First, some responses from readers of the Church Times in recent weeks:
Second, another extract from the 1991 document Issues in Human Sexuality, this time from the summary section at the end. The bishops insist that their more recent statement does not change their policy. So this summary shows what has been the de facto position in the Church of England since 1991.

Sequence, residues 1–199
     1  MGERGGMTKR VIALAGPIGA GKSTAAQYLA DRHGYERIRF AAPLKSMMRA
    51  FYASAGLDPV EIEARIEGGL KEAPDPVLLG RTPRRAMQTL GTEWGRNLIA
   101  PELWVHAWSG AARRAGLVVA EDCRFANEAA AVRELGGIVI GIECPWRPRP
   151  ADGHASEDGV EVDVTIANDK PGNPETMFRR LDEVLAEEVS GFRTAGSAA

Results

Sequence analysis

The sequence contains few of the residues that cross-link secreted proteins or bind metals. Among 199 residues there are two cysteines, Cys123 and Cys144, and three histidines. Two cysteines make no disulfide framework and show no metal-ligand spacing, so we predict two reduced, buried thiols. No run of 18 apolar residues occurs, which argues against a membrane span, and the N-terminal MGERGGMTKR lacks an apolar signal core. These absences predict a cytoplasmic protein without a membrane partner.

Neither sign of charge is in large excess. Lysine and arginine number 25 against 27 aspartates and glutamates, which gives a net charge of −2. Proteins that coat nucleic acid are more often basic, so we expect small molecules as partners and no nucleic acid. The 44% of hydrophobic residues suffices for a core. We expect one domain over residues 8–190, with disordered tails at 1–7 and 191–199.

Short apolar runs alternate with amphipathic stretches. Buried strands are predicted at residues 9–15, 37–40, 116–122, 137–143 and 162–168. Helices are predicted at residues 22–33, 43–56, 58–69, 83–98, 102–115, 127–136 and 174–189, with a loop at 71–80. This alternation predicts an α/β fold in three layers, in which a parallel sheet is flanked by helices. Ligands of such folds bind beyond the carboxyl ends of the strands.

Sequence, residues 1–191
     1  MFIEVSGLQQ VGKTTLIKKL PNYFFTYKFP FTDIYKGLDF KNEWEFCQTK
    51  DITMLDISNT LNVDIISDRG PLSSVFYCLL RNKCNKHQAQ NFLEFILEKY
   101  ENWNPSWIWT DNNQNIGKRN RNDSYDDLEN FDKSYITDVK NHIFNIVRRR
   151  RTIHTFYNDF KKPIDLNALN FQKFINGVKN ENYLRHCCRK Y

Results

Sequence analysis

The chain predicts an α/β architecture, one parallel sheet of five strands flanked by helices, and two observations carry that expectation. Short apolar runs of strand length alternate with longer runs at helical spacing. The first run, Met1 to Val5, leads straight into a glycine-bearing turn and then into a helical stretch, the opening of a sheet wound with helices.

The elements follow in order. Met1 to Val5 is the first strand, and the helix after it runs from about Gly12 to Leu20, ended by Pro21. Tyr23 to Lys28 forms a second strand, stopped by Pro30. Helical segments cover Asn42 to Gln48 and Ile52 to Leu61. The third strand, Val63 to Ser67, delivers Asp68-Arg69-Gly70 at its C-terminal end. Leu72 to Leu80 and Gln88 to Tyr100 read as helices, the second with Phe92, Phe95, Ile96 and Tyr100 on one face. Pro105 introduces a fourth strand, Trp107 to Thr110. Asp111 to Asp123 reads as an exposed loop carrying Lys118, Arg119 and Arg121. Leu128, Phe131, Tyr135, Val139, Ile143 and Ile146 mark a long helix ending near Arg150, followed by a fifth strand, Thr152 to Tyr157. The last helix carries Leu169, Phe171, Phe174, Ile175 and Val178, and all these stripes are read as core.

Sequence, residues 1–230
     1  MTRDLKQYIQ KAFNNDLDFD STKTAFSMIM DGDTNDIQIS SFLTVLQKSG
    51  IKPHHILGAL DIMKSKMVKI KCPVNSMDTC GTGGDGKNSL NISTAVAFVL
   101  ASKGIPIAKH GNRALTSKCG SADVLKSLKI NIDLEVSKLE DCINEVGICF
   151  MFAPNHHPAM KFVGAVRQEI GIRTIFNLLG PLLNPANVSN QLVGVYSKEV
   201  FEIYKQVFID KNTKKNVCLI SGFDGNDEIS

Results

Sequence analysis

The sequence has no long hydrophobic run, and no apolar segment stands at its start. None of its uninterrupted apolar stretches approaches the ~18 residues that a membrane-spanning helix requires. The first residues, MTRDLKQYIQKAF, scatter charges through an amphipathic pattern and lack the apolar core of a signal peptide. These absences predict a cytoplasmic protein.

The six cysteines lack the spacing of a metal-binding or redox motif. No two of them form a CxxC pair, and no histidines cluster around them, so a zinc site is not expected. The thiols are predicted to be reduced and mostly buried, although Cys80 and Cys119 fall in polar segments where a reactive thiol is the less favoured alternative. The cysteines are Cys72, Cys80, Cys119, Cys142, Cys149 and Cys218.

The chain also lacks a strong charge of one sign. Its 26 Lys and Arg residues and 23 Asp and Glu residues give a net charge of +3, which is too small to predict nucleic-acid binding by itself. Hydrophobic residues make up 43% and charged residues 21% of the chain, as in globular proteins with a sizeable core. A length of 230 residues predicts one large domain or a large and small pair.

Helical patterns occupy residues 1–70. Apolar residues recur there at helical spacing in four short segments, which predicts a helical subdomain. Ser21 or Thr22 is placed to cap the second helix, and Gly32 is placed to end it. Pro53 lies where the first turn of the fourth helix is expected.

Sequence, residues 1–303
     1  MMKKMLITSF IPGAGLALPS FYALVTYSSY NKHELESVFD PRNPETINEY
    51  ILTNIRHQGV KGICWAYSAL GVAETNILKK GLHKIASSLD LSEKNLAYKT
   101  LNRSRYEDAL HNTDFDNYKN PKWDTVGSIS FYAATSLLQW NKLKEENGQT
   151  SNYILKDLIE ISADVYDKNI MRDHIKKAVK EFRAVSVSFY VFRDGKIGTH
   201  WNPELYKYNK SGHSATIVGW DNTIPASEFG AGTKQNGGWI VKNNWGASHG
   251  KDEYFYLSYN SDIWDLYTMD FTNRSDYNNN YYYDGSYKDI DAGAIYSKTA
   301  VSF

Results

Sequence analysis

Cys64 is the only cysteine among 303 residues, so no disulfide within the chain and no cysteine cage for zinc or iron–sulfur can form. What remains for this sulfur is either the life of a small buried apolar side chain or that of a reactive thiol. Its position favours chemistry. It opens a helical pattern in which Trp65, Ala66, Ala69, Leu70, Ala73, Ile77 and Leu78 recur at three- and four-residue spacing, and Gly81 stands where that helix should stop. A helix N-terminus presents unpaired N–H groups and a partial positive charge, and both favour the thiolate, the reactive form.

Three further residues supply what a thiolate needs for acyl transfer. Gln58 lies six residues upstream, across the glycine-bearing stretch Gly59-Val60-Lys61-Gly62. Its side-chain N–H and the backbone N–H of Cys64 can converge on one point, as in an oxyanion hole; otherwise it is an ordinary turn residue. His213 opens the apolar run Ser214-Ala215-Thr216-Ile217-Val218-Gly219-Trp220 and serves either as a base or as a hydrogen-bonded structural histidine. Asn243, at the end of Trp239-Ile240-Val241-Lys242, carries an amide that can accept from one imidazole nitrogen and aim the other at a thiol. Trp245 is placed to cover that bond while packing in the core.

5.23 Let us try to sum up the essential points of the guidance we are seeking to give in this chapter. The Church in its pastoral mission ought to help and encourage all its members, as they pursue their pilgrimage from the starting-points given in their own personalities and circumstances, and as they grow by grace within their own particular potential. It is, therefore, only right that there should be an open and welcoming place in the Christian community both for those homophiles who follow the way of abstinence, giving themselves to friendship for many rather than to intimacy with one, and also for those who are conscientiously convinced that a faithful, sexually active relationship with one other person, aimed at helping both partners to grow in discipleship, is the way of life God wills for them. But the Church exists also to live out in the world the truth it has been given about the nature of God’s creation, the way of redemption through the Cross, and the ultimate hope of newness and fullness of life. We have judged that we ourselves and all clergy, as consecrated public and representative figures, entrusted with the message and means of grace, have a responsibility on behalf of the whole Body of Christ to show the primacy of this truth by striving to embody it in our own lives. But we also wish to stress the Church’s care for and value of all her clergy alike, and that where the Church’s teaching results for any ordained person in a burden grievous to be borne we, the bishops, as pastors to the pastors, will always be ready to share in any way we can in the bearing of that burden.